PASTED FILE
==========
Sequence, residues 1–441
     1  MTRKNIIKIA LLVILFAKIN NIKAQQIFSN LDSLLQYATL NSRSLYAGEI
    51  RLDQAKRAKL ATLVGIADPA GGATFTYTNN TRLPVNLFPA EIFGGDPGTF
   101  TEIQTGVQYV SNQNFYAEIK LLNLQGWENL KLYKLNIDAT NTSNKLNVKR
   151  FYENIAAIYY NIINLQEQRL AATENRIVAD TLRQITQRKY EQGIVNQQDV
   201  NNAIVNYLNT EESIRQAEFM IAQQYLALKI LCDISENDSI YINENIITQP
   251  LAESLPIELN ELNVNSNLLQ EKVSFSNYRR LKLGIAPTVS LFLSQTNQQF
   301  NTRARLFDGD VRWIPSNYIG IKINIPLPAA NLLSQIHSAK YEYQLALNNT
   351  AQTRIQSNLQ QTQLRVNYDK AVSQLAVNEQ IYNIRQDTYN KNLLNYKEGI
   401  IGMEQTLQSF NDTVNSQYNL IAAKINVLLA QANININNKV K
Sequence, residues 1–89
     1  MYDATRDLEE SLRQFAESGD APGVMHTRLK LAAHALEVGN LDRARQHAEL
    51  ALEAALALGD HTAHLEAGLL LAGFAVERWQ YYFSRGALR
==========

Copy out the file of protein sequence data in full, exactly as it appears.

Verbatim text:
Sequence, residues 1–441
     1  MTRKNIIKIA LLVILFAKIN NIKAQQIFSN LDSLLQYATL NSRSLYAGEI
    51  RLDQAKRAKL ATLVGIADPA GGATFTYTNN TRLPVNLFPA EIFGGDPGTF
   101  TEIQTGVQYV SNQNFYAEIK LLNLQGWENL KLYKLNIDAT NTSNKLNVKR
   151  FYENIAAIYY NIINLQEQRL AATENRIVAD TLRQITQRKY EQGIVNQQDV
   201  NNAIVNYLNT EESIRQAEFM IAQQYLALKI LCDISENDSI YINENIITQP
   251  LAESLPIELN ELNVNSNLLQ EKVSFSNYRR LKLGIAPTVS LFLSQTNQQF
   301  NTRARLFDGD VRWIPSNYIG IKINIPLPAA NLLSQIHSAK YEYQLALNNT
   351  AQTRIQSNLQ QTQLRVNYDK AVSQLAVNEQ IYNIRQDTYN KNLLNYKEGI
   401  IGMEQTLQSF NDTVNSQYNL IAAKINVLLA QANININNKV K
Sequence, residues 1–89
     1  MYDATRDLEE SLRQFAESGD APGVMHTRLK LAAHALEVGN LDRARQHAEL
    51  ALEAALALGD HTAHLEAGLL LAGFAVERWQ YYFSRGALR